Dick Plessinger, 1934-2006

Broadcaster; former chairman of Telocator

Richard L. Plessinger Sr.. Richard L. Plessinger Sr.

Richard Lee “Dick” Plessinger Sr. died on Dec. 19, 2006, at Hospice of Hamilton in Hamilton, Ohio. He was 72. He joined RCA in 1979 and became a Fellow in 1985.

Dick was born in Union County, Indiana, and spent most of his life in Hanover Township, north of Hamilton, the Cincinnati Enquirer reported. He moved to St. George Island, Florida, about 18 years ago. He developed a shopping center at 35 Island Drive in Eastpoint, Florida. He applied for licenses for two new FM broadcast stations and built them himself, locating the studios in the shopping center. The two stations are WOYS-FM 100.5 and WOYC-FM 106.5.

“Don’s lifetime commitment and devotion to wireless communications is unparalleled and has greatly enhanced the safety of Oregon’s citizens and Public Safety employees,” said Superintendent McLain. “His national leadership and passion for the public safety community has had a far reaching impact while ensuring constant improvement of the vital communication life-line on which so many public safety employees depend.”

In early 2006, Dick participated in an FCC auction for a license for a new digital TV station on channel 3 in Apalachicola, Florida. He made an upfront payment of $80,000 in the auction, and he was not the winning bidder. The net provisional winning bid was placed by Word of God Fellowship for $1,366,000.

I didn’t know Dick, although his name was familiar to me when I leafed through RCA’s membership directory some months ago. The reason was because he was a past president of Telocator Network of America, a trade association of radio common carriers (RCCs). I became aware of the trade association in 1983 as a new editor at a radio communications magazine. Dick probably was president for a short time; the job of Telocator president in those days was a volunteer position held by a member. I believe the head of the paid staff was known as the executive director. Dick also served as a member of the association’s board of directors.

After noticing his name in the directory, I tried to telephone Dick to ask him about his Telocator days, but I didn’t reach him. I didn’t know it, but possibly by that time he was concentrating on recovering from bladder cancer. Cancer returned to affect his liver and became more widespread, leading to his death.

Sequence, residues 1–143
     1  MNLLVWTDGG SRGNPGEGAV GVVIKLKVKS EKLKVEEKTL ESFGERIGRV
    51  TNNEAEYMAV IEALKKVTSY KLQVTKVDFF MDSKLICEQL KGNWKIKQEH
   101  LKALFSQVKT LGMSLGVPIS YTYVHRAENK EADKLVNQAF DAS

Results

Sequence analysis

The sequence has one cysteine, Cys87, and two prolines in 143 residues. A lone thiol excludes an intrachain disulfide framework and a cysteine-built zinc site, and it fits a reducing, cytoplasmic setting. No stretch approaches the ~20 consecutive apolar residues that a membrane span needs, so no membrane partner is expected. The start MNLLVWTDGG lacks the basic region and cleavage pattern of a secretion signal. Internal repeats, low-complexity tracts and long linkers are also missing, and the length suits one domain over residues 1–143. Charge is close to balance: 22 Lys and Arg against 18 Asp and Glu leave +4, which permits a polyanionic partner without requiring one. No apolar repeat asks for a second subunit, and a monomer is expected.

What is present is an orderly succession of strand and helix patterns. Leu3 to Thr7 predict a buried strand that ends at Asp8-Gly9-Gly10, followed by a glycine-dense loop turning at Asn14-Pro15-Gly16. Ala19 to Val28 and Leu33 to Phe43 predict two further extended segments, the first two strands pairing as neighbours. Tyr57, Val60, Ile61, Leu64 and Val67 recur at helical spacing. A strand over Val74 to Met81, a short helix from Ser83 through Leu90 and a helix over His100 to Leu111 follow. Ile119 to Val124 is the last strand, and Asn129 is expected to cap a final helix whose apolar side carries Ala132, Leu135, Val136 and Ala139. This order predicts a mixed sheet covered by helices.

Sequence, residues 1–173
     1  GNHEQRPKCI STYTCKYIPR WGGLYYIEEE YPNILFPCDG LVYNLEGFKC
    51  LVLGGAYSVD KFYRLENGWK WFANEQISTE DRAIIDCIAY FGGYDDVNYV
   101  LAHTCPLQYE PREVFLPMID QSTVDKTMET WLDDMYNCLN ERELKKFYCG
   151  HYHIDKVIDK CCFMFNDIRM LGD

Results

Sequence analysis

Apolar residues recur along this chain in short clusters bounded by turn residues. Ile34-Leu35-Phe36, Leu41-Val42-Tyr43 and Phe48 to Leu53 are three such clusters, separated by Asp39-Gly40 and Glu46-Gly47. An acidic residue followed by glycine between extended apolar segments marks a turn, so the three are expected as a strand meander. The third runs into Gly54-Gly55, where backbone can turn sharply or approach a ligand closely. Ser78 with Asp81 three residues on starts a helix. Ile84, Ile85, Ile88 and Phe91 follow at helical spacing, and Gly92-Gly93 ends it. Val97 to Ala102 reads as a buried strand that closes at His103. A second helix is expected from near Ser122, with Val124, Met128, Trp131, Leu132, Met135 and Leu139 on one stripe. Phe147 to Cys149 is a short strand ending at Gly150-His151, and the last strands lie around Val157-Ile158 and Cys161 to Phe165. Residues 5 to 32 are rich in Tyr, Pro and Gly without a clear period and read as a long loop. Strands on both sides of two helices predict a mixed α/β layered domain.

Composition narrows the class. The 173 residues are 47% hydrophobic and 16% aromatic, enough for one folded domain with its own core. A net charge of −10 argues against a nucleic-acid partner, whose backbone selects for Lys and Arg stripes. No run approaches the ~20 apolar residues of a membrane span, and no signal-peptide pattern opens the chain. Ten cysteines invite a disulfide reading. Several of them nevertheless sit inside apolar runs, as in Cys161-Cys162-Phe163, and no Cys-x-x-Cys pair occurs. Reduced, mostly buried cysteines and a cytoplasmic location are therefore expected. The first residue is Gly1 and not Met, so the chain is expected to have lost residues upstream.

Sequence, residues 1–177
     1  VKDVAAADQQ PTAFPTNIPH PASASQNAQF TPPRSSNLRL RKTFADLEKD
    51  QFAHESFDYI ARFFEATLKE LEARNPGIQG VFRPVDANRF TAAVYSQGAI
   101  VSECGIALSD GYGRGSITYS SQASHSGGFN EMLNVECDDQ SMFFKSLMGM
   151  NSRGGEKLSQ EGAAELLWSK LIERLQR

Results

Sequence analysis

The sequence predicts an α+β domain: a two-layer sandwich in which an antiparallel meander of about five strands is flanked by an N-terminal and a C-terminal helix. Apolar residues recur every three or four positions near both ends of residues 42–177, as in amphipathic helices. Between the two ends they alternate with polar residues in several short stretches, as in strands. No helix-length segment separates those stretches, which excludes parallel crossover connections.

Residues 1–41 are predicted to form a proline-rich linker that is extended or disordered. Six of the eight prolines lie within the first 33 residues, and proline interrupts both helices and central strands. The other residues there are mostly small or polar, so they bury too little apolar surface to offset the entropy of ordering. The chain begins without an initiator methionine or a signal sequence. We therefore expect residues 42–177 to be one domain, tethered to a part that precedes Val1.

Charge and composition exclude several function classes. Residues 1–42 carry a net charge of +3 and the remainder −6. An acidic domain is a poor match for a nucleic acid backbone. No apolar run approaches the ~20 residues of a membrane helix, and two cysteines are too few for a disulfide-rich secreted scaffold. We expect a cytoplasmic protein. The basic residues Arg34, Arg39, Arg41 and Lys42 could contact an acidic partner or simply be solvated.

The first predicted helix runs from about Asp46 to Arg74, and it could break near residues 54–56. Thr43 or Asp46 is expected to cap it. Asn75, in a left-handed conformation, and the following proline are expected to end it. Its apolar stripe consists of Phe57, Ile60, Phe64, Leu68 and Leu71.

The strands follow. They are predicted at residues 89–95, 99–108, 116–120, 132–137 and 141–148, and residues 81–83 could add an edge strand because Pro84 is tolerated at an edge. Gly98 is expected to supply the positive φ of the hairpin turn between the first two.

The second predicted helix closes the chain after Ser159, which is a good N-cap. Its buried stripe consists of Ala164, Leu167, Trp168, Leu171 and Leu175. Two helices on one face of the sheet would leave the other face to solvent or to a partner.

Tom Stroup, an RCA member who later was president of Telocator as the head of the paid staff, said: “Dick was one of the pioneers of the industry and worked tirelessly to secure interconnection rights for the carriers. Imagine where the cellular industry would be today if that battle had not been won.”

Biographical information about Dick in RCA’s records is sketchy. Using other sources, I pieced together that he worked as a broadcast engineer and became an entrepreneur in RCC paging and mobile telephone, and in broadcasting.

He presented a technical paper, “Use of 15 kHz Offset Channels for Radio Common Carriers in the 150 MHz Band,” at the 26th Annual Conference of the IEEE Vehicular Technology Group in 1976 in Washington, D.C.

“As a teenager, [Dick] developed a two-way radio system, which he broadcast out of his parents’ home in Oxford. He went on to develop a paging system and ran several businesses that offered car phone service before cellular technology was developed. He worked as an engineer at WMOH-AM (1450) in Hamilton for a number of years before starting a business that serviced two-way radios in Butler County. He developed a paging system in the early 1970s and installed and serviced car phones. [He] owned Kentucky Communications, a paging and mobile phone service provider in Covington, Kentucky; Miami Valley Radio Telephone in Hamilton, Ohio; and Beep Alert in Richmond, Indiana,” Rebecca Goodman wrote in a story for the Enquirer.